“Use of reverse auction technology is a game changer,” he says. “This technology significantly ramps up your bidding capability, results in higher quality RFPs, openings for new suppliers and drives completive pricing pressure like no other sourcing tool in the market.”

Just as with other vital functions, purchasing can be most effective when advance planning is complemented by a continuous improvement approach.

“Think about purchases from a strategic focus,” Moss says. “Firms are not usually just providing goods anymore. What services can they provide and how do these services supplement the work being performed by employees at the institution?” It’s important to focus on the best value for the institution and not just the lowest price, she adds.


A number of colleges and universities have found that joining forces with other institutions brings efficiencies to the purchasing process. Just a few examples:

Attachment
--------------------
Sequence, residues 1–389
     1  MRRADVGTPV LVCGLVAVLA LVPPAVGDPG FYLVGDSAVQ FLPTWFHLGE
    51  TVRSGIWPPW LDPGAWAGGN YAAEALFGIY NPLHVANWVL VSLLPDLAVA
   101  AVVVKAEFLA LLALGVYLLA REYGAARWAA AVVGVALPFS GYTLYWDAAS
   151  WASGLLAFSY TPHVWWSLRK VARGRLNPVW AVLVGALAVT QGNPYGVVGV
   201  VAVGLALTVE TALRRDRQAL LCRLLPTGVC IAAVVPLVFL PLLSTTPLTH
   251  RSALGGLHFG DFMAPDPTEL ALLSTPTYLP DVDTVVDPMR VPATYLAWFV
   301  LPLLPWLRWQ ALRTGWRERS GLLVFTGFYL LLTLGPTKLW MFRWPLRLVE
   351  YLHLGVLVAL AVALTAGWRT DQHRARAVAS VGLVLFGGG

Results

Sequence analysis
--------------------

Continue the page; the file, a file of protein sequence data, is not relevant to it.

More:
The Inter-University Council Purchasing Group of Ohio (, frequently called the IUC-PG, has 88 members made up of the state’s 14 state universities, 15 community colleges, 8 technical colleges and 51 private educational institutions.

The Big Ten Academic Alliance ( includes purchasing advantages for the University of Illinois, Indiana University, University of Iowa, University of Maryland, University of Michigan, Michigan State University, University of Minnesota, University of Nebraska-Lincoln Northwestern University, The Ohio State University, Pennsylvania State University, Purdue University, Rutgers University and the University of Wisconsin-Madison.

The recently formed Higher Education Systems & Services Consortium, or HESS Consortium (, focuses on administrative systems and services for 83 private institutions.

This article originally appeared in the issue of .